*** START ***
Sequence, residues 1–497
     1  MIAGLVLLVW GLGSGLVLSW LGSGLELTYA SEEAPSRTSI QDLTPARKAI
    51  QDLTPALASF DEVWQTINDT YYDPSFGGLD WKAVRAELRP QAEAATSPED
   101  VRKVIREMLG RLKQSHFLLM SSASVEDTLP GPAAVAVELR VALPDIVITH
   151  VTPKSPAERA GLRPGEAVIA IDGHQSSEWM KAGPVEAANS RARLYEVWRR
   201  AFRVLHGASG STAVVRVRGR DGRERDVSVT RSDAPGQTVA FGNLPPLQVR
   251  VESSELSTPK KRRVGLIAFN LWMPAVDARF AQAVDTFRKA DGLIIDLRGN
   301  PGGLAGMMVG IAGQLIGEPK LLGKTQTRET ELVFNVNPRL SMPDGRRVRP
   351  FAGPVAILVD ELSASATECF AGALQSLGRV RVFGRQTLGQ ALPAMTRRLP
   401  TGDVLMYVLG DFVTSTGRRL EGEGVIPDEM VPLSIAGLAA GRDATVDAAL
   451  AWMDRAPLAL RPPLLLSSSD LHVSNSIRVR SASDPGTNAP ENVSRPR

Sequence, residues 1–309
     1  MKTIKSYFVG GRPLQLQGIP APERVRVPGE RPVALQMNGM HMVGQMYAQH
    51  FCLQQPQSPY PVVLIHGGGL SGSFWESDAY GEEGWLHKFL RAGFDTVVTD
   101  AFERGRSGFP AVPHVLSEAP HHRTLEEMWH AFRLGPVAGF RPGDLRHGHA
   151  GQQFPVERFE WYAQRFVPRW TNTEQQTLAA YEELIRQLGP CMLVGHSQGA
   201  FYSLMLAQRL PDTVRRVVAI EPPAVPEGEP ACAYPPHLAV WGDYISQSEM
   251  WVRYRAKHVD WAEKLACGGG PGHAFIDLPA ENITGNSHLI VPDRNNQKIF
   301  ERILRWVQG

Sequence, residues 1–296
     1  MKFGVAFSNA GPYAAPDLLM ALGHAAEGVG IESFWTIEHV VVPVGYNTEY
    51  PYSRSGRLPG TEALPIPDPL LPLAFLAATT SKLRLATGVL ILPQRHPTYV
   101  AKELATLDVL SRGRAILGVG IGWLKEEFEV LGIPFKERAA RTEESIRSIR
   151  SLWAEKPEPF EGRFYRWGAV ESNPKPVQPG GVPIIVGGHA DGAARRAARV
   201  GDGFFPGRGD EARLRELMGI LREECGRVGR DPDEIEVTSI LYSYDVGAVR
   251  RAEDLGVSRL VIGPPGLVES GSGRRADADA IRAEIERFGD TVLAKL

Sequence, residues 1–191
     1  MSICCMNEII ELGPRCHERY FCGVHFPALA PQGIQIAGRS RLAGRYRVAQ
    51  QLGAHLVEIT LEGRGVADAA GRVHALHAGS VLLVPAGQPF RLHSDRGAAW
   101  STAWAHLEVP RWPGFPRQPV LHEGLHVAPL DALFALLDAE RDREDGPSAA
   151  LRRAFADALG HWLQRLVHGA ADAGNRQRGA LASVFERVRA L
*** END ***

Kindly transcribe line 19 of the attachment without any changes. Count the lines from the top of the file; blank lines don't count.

   301  ERILRWVQG